Simulation of control strategies for decision-making regarding Digitaria sanguinalis in glyphosate-resistant soybeans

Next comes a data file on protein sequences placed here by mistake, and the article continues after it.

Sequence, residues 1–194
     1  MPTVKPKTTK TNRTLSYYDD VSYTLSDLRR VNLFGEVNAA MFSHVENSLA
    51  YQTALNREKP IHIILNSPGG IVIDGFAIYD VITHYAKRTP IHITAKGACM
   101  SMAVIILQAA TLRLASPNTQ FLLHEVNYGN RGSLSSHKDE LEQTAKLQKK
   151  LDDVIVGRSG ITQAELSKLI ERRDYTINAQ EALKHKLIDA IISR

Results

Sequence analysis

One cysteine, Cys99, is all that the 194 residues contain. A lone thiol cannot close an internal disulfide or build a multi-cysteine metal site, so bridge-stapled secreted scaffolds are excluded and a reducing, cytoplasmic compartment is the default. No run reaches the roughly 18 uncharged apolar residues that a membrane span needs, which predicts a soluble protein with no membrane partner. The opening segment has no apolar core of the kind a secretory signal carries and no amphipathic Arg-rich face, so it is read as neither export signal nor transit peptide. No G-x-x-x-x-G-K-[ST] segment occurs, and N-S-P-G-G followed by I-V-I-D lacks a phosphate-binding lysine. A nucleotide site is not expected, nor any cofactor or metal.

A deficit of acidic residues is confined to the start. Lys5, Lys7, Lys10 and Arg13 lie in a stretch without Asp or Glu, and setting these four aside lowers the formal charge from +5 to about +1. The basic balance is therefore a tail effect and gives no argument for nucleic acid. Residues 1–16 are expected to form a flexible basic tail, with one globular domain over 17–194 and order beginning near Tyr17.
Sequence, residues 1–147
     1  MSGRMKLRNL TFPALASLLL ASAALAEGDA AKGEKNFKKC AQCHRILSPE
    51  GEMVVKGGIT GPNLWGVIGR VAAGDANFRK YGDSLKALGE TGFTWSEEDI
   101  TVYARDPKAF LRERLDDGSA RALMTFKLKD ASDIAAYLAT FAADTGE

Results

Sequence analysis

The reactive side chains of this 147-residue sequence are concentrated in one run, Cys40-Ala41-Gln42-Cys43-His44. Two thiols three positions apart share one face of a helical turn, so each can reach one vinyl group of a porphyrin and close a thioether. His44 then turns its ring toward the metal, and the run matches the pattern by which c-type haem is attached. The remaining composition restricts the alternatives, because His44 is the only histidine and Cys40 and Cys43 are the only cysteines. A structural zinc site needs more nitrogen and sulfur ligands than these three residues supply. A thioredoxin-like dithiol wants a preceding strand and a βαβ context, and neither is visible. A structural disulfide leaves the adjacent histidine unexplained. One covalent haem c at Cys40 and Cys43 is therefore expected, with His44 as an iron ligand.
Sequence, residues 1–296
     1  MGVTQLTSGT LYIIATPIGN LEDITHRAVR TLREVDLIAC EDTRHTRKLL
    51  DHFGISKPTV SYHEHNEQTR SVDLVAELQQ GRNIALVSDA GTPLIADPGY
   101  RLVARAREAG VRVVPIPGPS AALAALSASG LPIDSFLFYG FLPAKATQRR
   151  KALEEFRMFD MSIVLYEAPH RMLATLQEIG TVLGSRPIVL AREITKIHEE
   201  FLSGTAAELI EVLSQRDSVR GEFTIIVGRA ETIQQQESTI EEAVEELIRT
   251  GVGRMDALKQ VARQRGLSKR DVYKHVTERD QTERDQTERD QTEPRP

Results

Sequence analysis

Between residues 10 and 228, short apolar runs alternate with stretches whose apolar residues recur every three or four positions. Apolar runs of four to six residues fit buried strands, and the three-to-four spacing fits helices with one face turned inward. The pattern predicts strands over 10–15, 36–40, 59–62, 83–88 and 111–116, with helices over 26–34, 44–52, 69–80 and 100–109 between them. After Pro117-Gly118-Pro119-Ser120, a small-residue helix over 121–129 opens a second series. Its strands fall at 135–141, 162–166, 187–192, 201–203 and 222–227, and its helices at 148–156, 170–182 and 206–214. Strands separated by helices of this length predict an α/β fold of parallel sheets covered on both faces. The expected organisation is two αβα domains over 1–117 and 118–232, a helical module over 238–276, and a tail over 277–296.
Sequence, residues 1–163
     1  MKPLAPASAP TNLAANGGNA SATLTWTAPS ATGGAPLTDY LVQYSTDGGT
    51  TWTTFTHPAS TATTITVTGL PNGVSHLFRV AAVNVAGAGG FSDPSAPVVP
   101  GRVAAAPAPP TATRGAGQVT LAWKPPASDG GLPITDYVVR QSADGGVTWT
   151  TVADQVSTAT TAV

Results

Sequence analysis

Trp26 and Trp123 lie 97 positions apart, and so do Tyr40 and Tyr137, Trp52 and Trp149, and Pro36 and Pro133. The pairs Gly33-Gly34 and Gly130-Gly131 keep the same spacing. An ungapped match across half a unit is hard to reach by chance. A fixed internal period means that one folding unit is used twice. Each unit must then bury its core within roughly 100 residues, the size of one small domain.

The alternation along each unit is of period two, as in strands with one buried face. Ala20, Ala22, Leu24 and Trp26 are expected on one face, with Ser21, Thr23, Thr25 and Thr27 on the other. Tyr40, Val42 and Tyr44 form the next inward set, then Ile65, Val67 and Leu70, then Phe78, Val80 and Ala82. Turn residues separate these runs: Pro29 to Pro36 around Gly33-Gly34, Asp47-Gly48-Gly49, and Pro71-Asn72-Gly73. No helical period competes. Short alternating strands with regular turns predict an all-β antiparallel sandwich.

A bioeconomic model was developed for decision-making regarding large crabgrass (Digitaria sanguinalis) control in glyphosate-resistant soybeans in the Rolling Pampas ofArgentina. The model was used to evaluate the economic returns of four different glyphosate-based strategies for weed control. In the absence of herbicide application (T1), the soil seed bank increases to an equilibrium density of 12,079 seeds m-2 in three years. A single herbicide application during the early stages of the crop (T2), which was intended to be highly effective in the control of an early weed cohort, allows a late, unaffected cohort to produce sufficient seeds to maintain population densities in the soil seed bank. A single, delayed herbicide application (T3), which was intended to control both early and late cohorts, results in a soil seed bank increase up to an equilibrium density similar to that achieved without treatment. Two sequential herbicide applications per year (T4), targeting the two cohorts, leads to a soil seed bank density after 10 years of 107 seeds m-2. Model predictions indicate that in the absence of control measures, a 93% reduction in soybean yield was predicted due to weed interference. The lowest reduction in crop yield (27%) was predicted using strategy T4, which is the most common control measure used by local farmers. This strategy clearly outperforms the other options tested, leading to lower D. sanguinalis seed bank densities and higher soybean yields and economic returns compared to those obtained using the alternative strategies.